Bachtiar Nasir, the former chairman of the National Movement to Safeguard the Indonesian Ulema Council's Fatwa (GNPF-MUI), is reportedly in Saudi Arabia to attend an event at the invitation of the Muslim World League. (Antara Photo)

Bachtiar Nasir Flees to Saudi Arabia, Skips Questioning for Third Time


MAY 14, 2019

Jakarta. Bachtiar Nasir, the former chairman of the National Movement to Safeguard the Indonesian Ulema Council's Fatwa, or GNPF-MUI, again skipped questioning in a money-laundering case on Tuesday.

This is the third time Nasir, whom police have declared a suspect, failed to show up. Investigators initially summoned him last year and again on Wednesday last week, before postponing it until Tuesday.

Nasir's lawyer Aziz Yanuar said his client was in Saudi Arabia at the invitation of the Muslim World League. He was unable to say when Bachtiar would return.

"[He is attending an event] in Saudi Arabia. I will provide proof of the invitation later. I don't know yet [when Bachtiar will return to Indonesia]," Aziz said.

Police have threatened to take him into custody, which they are legally allowed to do after a suspect fails to show up for questioning three times.

"Today, investigators received information from the attorney of the person concerned that he could not be present because he had to attend an event overseas. Therefore, investigators said [they will act in accordance with] Article 112, Paragraph 2, of the Criminal Code," National Police spokesman Brig. Gen. Dedi Prasetyo said.

Article 112 of the Criminal Code states that "a person summoned is obliged to come to the investigator, failing which, the investigator shall issue a second summons with an order to the official in charge to bring the person to him."

This means  the police will immediately take Bachtiar into custody once he arrives back in Indonesia.

"The investigators will coordinate with the relevant stakeholder when they have receive information that the person concerned has arrived in Indonesia. In accordance with the Criminal Code, the investigators will then conduct an investigation," Dedi said.

The police spokesman added that they were sure Nasir would return to Indonesia soon.

"Communication with his attorney is good and investigators believe the person concerned has good intentions. We hope that as a good citizen, he will obey the law and respect the ongoing legal process. He is on his way home," Dedi said.

Facts on the Case

Nasir was involved in the Justice for All Foundation (YKUS), established in 2014 to collect public donations for religious and social purposes.

There are two other suspects in the case: Adnin Armas, the foundation chairman, and Islahudin Akbar, a former employee of BNI Syariah, the shariah-compliant subsidiary of the Bank Negara Indonesia.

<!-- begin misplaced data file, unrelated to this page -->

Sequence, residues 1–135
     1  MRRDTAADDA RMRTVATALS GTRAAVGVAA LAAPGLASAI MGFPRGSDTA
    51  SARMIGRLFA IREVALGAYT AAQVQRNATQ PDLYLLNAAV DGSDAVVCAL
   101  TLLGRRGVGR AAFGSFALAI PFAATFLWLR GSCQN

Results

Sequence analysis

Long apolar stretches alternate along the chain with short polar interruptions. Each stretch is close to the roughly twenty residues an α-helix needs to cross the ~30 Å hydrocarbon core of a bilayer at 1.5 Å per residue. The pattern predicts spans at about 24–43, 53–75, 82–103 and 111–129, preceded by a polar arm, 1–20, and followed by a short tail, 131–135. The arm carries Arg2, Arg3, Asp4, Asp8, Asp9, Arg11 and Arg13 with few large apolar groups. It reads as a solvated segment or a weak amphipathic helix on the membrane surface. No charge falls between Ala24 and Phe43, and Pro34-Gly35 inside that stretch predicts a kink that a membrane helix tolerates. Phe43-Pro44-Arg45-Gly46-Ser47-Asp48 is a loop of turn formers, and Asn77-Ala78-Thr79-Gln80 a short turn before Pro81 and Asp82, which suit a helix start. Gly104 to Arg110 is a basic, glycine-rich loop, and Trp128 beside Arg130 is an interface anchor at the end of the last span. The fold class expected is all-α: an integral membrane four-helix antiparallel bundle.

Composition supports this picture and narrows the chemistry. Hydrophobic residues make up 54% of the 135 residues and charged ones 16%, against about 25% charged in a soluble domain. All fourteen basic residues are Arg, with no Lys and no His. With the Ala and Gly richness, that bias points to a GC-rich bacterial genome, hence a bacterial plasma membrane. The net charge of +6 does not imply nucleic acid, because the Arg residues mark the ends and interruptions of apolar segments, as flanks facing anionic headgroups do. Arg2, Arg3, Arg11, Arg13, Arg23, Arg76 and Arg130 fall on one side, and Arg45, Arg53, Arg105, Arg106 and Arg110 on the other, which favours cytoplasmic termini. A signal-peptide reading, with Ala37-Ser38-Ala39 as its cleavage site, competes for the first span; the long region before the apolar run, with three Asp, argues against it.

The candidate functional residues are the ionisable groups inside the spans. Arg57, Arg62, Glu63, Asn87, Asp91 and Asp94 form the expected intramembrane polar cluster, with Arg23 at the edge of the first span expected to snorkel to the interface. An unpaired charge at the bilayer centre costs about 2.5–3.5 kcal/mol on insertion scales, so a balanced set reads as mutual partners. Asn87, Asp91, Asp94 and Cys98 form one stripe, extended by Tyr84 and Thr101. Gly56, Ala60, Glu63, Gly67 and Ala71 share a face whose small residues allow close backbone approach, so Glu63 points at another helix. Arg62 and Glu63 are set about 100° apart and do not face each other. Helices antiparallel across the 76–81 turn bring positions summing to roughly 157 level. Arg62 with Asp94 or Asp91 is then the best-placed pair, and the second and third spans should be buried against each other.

Nasir had control over Rp 3 billion ($208,000) in the foundation's bank account. He admitted that a portion of the money was used to fund the so-called 411 and 211 rallies against former Jakarta Governor Basuki Tjahaja Purnama in 2016, and said the remainder went to earthquake victims in Pidie Jaya in Aceh, and flood victims in Bima and Sumbawa, West Nusa Tenggara.

According to the 2001 Law on Foundations, a foundation's asset management must be authorized by its management and not by individuals. However, Adnin gave Nasir power of attorney to open a bank account on behalf of the foundation.

There were two bank accounts. The first belonged to the foundation and it was used to collect public donations. The other was opened on behalf of the foundation, but without the knowledge of its management. This account was used to divert the funds.

At the time, the donations collected amounted to Rp 2.1 billion. Marlinda, Nasir's assistant, withdrew the money, but the Shariah Banking Law stipulates that withdrawals of more than Rp 1 billion can only be done inside the bank's branch office where the account was opened.

However, Nasir's friend Islahudin, who was employed by the bank at the time, broke the law to help facilitate the withdrawal. He handed the money to Marlinda, whose job was to take care of Nasir's personal expenses.

Police suspect there was a transfer of funds from Indonesian Humanitarian Relief (IHR), a foundation headed by Nasir, to the Istanbul-based Foundation for Human Rights and Freedoms and Humanitarian Relief (İHH).

The allegation first emerged from a Facebook post by an account named Moch Zain in 2016. In the post, Zain said aid supposedly sent by the IHR to residents of Aleppo in Syria was actually destined for Jaysh al-Islam, a Syrian rebel group.

He came to this conclusion after watching a video on YouTube that showed food packages labeled "Indonesian Humanitarian Relief" arriving in an area under Jaysh al-Islam's control.

However, allegations that the group has links with Islamic State are apparently false. Jaysh al-Islam has expressed opposition to the radical group.